The Yellow Face




[In publishing these short sketches based upon the
numerous cases in which my companion's singular gifts
have made us the listeners to, and eventually the
actors in, some strange drama, it is only natural that
I should dwell rather upon his successes than upon his
failures. And this not so much for the sake of his
reputations--for, indeed, it was when he was at his
wits' end that his energy and his versatility were
most admirable--but because where he failed it
happened too often that no one else succeeded, and
that the tale was left forever without a conclusion.
Now and again, however, it chanced that even when he
erred, the truth was still discovered. I have noted
of some half-dozen cases of the kind the Adventure of
the Musgrave Ritual and that which I am about to
recount are the two which present the strongest
features of interest.]

Sherlock Holmes was a man who seldom took exercise for
exercise's sake. Few men were capable of greater
muscular effort, and he was undoubtedly one of the
finest boxers of his weight that I have ever seen; but
he looked upon aimless bodily exertion as a waste of
energy, and he seldom bestirred himself save when
there was some professional object to be served. Then
he was absolutely untiring and indefatigable. That he
should have kept himself in training under such
circumstances is remarkable, but his diet was usually
of the sparest, and his habits were simple to the
verge of austerity. Save for the occasional use of
cocaine, he had no vices, and he only turned to the
drug as a protest against the monotony of existence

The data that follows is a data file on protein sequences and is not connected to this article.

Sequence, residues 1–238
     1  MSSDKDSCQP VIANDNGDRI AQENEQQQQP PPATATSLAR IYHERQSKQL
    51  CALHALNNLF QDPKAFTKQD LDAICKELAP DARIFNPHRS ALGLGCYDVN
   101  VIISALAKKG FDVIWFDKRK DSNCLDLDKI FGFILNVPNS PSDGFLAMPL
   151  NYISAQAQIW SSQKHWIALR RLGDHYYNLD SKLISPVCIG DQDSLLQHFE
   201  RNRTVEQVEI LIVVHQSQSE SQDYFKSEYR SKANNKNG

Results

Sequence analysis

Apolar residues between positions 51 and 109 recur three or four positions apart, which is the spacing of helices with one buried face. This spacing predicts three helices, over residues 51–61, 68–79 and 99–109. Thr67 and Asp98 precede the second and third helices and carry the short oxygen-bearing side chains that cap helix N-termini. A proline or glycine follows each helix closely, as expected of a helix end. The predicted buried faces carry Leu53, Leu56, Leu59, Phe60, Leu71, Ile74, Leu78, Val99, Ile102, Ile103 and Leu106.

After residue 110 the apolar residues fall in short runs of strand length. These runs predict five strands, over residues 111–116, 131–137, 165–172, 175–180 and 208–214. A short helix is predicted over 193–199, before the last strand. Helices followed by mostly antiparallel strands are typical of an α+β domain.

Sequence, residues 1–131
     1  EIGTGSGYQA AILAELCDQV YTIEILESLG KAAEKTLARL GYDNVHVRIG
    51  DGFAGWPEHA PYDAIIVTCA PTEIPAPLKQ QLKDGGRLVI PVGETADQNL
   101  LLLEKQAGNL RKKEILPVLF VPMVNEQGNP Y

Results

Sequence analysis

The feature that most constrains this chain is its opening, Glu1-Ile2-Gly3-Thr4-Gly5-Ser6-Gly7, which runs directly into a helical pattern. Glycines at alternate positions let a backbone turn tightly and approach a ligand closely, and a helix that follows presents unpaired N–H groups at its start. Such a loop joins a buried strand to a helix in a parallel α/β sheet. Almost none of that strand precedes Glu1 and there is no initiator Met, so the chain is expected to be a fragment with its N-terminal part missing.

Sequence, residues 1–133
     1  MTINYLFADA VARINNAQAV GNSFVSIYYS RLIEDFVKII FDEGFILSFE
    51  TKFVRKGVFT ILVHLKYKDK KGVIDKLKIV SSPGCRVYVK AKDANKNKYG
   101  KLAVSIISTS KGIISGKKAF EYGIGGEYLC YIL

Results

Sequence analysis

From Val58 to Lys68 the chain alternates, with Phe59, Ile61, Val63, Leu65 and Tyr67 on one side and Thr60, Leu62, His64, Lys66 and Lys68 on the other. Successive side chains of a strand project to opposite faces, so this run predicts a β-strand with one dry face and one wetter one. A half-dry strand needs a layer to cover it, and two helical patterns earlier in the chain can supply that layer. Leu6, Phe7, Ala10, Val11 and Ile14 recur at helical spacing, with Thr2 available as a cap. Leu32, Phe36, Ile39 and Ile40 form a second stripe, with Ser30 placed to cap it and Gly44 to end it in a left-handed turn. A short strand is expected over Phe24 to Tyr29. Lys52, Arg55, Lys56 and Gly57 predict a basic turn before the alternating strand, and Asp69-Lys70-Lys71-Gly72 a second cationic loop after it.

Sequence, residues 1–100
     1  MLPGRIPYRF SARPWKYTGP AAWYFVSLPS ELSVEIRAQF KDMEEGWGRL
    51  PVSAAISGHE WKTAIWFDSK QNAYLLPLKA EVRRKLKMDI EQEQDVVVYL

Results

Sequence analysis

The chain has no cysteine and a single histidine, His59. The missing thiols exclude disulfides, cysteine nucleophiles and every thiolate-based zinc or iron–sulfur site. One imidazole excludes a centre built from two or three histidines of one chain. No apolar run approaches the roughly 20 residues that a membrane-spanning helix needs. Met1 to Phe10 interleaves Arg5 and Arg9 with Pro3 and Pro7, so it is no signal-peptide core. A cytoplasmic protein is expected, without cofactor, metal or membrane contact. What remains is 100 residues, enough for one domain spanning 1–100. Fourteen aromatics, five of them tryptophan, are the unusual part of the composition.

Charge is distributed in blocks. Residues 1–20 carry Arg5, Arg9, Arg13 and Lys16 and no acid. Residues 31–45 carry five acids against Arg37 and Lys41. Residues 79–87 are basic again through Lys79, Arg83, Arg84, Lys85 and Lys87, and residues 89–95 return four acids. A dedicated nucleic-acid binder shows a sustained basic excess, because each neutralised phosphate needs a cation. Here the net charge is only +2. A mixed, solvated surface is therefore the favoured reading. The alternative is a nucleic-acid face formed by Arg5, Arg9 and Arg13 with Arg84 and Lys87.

when cases were scanty and the papers uninteresting.

One day in early spring he had so fare relaxed as to
go for a walk with me in the Park, where the first
faint shoots of green were breaking out upon the elms,
and the sticky spear-heads of the chestnuts were just
beginning to burst into their five-fold leaves. For
two hours we rambled about together, in silence for
the most part, as befits two men who know each other
intimately. It was nearly five before we were back in
Baker Street once more.

"Beg pardon, sir," said our page-boy, as he opened the
door. "There's been a gentleman here asking for you,
sir."

Holmes glanced reproachfully at me. "So much for
afternoon walks!" said he. "Has this gentleman gone,
then?"

"Yes, sir."

"Didn't you ask him in?"

"Yes, sir; he came in."

"How long did he wait?"

"Half an hour, sir. He was a very restless gentleman,
sir, a-walkin' and a-stampin' all the time he was
here. I was waitin' outside the door, sir, and I
could hear him. At last he out into the passage, and
he cries, 'Is that man never goin' to come?' Those
were his very words, sir. 'You'll only need to wait a
little longer,' says I. 'Then I'll wait in the open
air, for I feel half choked,' says he. 'I'll be back
before long.' And with that he ups and he outs, and
all I could say wouldn't hold him back."

"Well, well, you did you best," said Holmes, as we
walked into our room. "It's very annoying, though,
Watson. I was badly in need of a case, and this
looks, from the man's impatience, as if it were of
importance. Hullo! That's not your pipe on the table.
He must have left his behind him. A nice old brier
with a good long stem of what the tobacconists call
amber. I wonder how many real amber mouthpieces there
are in London? Some people think that a fly in it is
a sign. Well, he must have been disturbed in his mind
to leave a pipe behind him which he evidently values
highly."

"How do you know that he values it highly?" I asked.

"Well, I should put the original cost of the pipe at
seven and sixpence. Now it has, you see, been twice
mended, once in the wooden stem and once in the
amber. Each of these mends, done, as you observe,
with silver bands, must have cost more than the pipe
did originally. The man must value the pipe highly
when he prefers to patch it up rather than buy a new